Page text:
However, when the bridegroom had not been married before, but his bride was previously divorced, the bridegroom was more likely to be younger than the bride (53% were younger): most commonly up to one year younger. These patterns seem to be fairly stable since the distributions of age difference between partners in remarriages celebrated in 1977 were very similar.
Length of remarriages
The act of remarriage could be taken to reaffirm a commitment to lifelong partnership despite the experience of marriage breakdown. However, the reality is that couples that were previously divorced are slightly more likely to divorce than those who had not been previously married2.
Information on the length of remarriages that ended recently is not available because the previous marital status of divorcing couples is no longer recorded. However, divorce data from the last year of availability, 1994, can be used to show the differences between the lengths of first marriages and remarriages among people who had been divorced.
Of the divorces made absolute in 1994, those made between couples who had both been in their first marriage had had a median marriage length until separation of nine years. Couples who had both been divorced previously had had a shorter median length of marriage until separation of five years.3
Children and remarriages
Partners entering into a remarriage provide some information about dependent children from their previous marriage on the registration form. Since this information is asked only of previously married people, information on children from de facto relationships is not available.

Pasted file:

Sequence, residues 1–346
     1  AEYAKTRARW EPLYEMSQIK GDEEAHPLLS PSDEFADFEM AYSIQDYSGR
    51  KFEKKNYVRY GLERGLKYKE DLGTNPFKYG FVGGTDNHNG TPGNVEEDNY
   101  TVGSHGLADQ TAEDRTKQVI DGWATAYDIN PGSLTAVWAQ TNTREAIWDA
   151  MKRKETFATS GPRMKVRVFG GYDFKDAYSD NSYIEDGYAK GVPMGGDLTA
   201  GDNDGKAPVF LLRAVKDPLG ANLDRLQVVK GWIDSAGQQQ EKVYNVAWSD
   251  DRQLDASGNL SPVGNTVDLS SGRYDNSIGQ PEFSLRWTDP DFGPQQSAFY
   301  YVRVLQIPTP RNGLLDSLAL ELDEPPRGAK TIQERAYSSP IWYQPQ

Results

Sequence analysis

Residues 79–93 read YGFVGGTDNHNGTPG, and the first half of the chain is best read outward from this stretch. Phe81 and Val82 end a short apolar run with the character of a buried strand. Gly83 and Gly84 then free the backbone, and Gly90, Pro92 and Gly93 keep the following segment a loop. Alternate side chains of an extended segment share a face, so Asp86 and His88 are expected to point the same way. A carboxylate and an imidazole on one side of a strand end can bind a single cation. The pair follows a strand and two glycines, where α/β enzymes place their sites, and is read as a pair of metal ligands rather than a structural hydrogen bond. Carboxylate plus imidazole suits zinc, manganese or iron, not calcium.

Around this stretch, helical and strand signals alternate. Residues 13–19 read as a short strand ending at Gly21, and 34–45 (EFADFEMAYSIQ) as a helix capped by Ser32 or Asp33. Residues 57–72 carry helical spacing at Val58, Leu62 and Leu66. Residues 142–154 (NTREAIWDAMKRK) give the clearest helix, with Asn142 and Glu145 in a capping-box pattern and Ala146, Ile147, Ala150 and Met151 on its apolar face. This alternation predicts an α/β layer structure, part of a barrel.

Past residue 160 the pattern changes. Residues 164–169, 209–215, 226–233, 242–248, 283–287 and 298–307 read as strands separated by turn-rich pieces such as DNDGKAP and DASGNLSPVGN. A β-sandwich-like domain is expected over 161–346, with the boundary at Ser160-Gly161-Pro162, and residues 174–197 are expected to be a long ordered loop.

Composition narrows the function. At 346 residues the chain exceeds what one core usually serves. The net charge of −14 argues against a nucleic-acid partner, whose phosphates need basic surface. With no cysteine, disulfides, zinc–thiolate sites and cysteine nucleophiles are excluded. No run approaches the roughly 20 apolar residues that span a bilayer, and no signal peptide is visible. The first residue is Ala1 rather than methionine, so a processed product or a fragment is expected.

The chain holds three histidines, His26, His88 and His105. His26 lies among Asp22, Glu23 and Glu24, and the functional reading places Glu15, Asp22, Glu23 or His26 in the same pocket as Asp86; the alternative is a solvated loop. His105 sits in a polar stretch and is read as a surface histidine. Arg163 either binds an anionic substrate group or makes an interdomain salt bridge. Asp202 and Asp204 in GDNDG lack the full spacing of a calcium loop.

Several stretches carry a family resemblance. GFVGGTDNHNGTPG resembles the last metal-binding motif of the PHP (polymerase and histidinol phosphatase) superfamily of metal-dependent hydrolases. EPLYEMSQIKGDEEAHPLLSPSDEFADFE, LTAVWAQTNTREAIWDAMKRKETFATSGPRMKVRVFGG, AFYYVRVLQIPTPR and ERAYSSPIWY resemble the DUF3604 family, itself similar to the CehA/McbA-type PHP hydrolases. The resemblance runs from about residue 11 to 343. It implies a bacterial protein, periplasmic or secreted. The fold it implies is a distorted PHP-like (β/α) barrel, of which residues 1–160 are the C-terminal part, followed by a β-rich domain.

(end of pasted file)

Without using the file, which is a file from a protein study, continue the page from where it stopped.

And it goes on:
The information supplied on the marriage registration forms of previously divorced people remarrying in 1997 indicates that about 40% of brides and 39% of bridegrooms had children under 16 from their previous marriage. However, this information does not indicate that these people had responsibility for the day-to-day care of these children.
PREVIOUSLY DIVORCED BRIDEGROOMS AND BRIDES WHO REMARRIED IN 1997, CHILDREN FROM PREVIOUS MARRIAGE
(b) Children of bridegrooms and brides should not be added since double counting is possible if a divorced couple with children remarried in the same year.
Source: Marriages and Divorces, Australia, 1997 (cat. no. 3310.0)
1 Australian Bureau of Statistics 1997, Marriages and Divorces, Australia, unpublished data.
2 Australian Bureau of Statistics 1995, How many marriages end in divorce? in Marriages and Divorces, Australia, 1994, cat. no. 3310.0, ABS, Canberra.
3 Australian Bureau of Statistics 1994, Marriages and Divorces, Australia, unpublished data.